“The restaurant business, as I well know, ain’t no picnic.
And in Mexico City, it’s particularly rough.”
With an urban area population of almost 22-million over a broad expanse of 573 square miles, Mexico City is the fifth most populous city in the world and the most heavily populated city in North America. Known as Distrito Federal, or the federal district, it is the country’s economic and cultural hub, as well as home to the offices of the federal government. A true megalopolis, Mexico City boasts of some 15,000 restaurants including two restaurants ranked among the world’s fifty best restaurants in 2019 and eleven of Latin America’s 50 top-ranked restaurants.
By any measure, Mexico City is one of the world’s greatest eating cities. Whether in pursuit of cosmopolitan fine dining, incomparable street food or market stalls showcasing agrarian bounty, you’ll find it in this culinary Mecca. You’ll uncover both time-honored recipes–some predating Cortez–passed down through the generations as well as a globally-influenced fusion of ingredients and techniques. You’ll relish dishes with unique flavor profiles and textures. It could be said that in Mexico City, your taste buds will be reborn and you’ll dine with a new boldness.
Hailing from Mexico City, Alma Martinez has been enthralling Duke City diners since 2011 with the dishes she learned to prepare at the apron strings of her mother and grandmothers who–for three generations–sold antojitos (street snacks or appetizers) at Mexico City’s markets. Alma named her restaurant Nena’s in honor of Magdalena, one of the family matriarchs from whom she learned to cook. Fittingly Nena’s Food is located in the International District, one of the city’s most diverse (and most would say delicious) dining destinations.
“Chilango” (Mexican slang demonym referring to something “belonging to Mexico City) cuisine is the featured culinary fare at Nena’s Foods. We did a double-take upon seeing some of our Chilango favorites heretofore not seen in any of the Duke City’s Mexican restaurants. Among them are pambazo (a sandwich stuffed with potatoes and chorizo and then drenched in a guajillo sauce, served with lettuce, cheese, and cream), flan de elote (Mexican white corn flan) and pan de elote (Mexican corn bread). Exploring the menu was a delight. Eating was even better.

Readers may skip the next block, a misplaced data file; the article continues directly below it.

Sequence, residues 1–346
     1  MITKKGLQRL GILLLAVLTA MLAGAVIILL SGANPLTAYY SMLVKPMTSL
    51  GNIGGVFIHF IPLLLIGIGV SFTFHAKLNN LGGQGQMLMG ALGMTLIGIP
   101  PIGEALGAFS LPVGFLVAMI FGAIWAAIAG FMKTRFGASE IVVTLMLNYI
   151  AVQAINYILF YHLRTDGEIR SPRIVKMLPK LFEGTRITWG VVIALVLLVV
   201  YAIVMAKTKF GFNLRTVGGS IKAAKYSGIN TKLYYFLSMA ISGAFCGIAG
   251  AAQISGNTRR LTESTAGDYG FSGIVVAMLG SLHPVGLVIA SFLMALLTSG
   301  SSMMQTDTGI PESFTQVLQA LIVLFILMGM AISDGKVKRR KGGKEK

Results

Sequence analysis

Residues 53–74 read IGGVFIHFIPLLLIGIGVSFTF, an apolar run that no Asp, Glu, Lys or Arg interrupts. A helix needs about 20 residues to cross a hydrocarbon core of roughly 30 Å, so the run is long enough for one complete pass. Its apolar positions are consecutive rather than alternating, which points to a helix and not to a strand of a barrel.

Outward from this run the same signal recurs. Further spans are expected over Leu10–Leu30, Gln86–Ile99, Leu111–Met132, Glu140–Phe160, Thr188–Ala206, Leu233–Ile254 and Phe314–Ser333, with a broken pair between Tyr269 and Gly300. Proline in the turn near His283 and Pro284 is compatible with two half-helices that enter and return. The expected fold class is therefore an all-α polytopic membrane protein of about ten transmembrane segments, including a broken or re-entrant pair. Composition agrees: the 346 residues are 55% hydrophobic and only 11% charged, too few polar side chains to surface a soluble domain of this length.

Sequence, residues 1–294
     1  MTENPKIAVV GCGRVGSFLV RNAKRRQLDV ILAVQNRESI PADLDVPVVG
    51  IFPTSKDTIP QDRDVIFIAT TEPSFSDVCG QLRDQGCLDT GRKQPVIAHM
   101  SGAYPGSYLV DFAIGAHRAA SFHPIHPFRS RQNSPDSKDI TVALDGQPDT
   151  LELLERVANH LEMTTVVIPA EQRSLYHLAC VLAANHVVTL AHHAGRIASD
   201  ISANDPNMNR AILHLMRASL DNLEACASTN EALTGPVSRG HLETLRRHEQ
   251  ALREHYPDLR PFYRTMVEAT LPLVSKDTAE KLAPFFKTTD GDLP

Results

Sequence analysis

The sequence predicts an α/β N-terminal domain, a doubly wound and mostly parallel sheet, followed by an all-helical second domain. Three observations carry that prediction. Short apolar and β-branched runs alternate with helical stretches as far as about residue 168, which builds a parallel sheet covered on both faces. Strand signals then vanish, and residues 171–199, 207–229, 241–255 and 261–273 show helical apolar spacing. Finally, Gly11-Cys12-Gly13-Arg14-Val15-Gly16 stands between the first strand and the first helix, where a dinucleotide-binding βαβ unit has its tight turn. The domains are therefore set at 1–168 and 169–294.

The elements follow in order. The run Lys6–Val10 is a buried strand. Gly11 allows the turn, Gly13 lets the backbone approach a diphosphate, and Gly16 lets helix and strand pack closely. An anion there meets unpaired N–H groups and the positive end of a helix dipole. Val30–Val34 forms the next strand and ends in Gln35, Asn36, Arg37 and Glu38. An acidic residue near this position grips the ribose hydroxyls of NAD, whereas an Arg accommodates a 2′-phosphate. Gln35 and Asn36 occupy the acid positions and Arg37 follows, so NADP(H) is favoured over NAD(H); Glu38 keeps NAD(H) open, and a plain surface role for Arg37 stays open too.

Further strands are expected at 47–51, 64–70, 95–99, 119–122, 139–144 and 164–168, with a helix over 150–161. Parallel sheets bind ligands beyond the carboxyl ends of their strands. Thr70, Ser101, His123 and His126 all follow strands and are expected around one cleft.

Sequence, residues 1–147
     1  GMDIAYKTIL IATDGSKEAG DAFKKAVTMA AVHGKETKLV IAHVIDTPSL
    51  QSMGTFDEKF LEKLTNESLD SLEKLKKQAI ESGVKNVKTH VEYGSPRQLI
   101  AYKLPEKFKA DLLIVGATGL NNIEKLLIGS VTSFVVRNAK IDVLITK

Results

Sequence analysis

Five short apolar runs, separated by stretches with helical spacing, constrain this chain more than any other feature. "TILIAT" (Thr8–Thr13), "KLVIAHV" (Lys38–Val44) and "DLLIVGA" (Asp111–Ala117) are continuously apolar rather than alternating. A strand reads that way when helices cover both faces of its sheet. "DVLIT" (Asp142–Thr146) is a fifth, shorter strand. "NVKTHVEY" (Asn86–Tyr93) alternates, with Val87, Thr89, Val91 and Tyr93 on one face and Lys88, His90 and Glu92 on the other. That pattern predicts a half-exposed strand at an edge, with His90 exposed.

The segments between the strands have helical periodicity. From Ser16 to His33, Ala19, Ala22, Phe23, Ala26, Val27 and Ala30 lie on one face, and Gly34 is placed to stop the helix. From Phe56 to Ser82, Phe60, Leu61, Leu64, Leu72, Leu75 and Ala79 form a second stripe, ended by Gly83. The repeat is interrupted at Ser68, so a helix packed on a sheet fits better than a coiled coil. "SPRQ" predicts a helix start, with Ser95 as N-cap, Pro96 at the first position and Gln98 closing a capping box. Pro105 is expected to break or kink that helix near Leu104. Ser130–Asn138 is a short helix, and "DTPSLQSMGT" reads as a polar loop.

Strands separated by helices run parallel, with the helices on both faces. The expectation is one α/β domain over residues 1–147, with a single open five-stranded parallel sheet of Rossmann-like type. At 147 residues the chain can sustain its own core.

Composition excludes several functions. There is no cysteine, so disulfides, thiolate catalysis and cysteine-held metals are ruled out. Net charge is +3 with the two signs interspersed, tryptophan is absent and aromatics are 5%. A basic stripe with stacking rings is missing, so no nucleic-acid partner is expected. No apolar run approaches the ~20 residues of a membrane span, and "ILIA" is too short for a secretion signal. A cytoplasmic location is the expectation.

Though originating in Peru and not Mexico City, ceviche is one of those dishes for which cravings need to be sated. Nena’s version is replete with fresh, deveined shrimp; avocado slices glistening with freshness, chopped tomatoes, crispy cucumber and fragrant cilantro all tossed in a tart lemon and lime citrus sauce. Sporting the colors (red, green and white) of the Mexican flag, ceviche is one of those inherently healthy dishes that just happens to taste good.
Despite the siren’s call of dishes having their genesis in Mexico City, the dish calling loudest to me was Nena’s “quesabirria,” a Portmanteau for the combination of queso (cheese) and birria, the traditional Mexican stew. Essentially quesabirria is a birria taco with melted cheese—a sort of cross between a taco and a quesadilla. Nena’s version is made with tender shredded strands of rich, unctuous lamb bathed in a slow-cooked chile-tinged consomé stock made from guajillo peppers, stock and chickpeas (yes chickpeas!). A cup of that consomé accompanies your order It’s perfect for dipping your quesabirria or for sipping in between bites. The crispy taco shells are also bathed in the consomé, giving them a reddish hue. Melted queso imparts a salty sharpness. Of all the forms and permutations of birria we’ve had, Nena’s quesabirria is among our very favorites. It’s simply outstanding!
While a trip to Mexico City isn’t always convenient, getting to Nena’s Foods will transport you to the capital city of one of the world’s most dynamic culinary destinations. Your challenge will be ordering a dish which emanates from Mexico City when there are so many other wonderful options. You can’t go wrong with any of them.
600 Louisiana Blvd., S.E.
Albuquerque, New Mexico
LATEST VISIT: 2 January 2021
# OF VISITS: 1
BEST BET: Quesabirria with Consomme, Ceviche, Horchata
5 thoughts on “Nena’s Food – Albuquerque, New Mexico”
Thanks for glorification of foods so deserved. I have lived in Mexico for four and one half years, and fresher and finer preparations can’t be found anywhere else. I lived in Morocco for two years prior, yet another fabulous culinary experience.
Fruits, vegetables, and all carne are superior in Guanajuato, my home state. Far less pesticides and straight from farm to table. All meats are hormone free and beef is grass fed. Ingredients are a chef’s dream come true.
Bless you Gil and lovely wife Kim. I miss our days at Zea’s and Asian fusion restaurant in the Sandias.
Betty, it is so nice to hear from you after so many years. Congratulations on living a dream in one of the most culinary diverse and rich areas of Mexico.
We have such wonderful memories of you from both Zea’s and Nouveau Noodles. God bless you.
Thank you Gil for kind reply and all of your contributions to the culinary world, a field so vastly misunderstood and especially by those who dine out often. Your passion is infectious.
Drop a line please! !!
And let’s hear it for NENA’S! !!
Good hearing from you again. BTW, what is the LA cross street to Nena’s?
Nena’s is just south of Trumbull.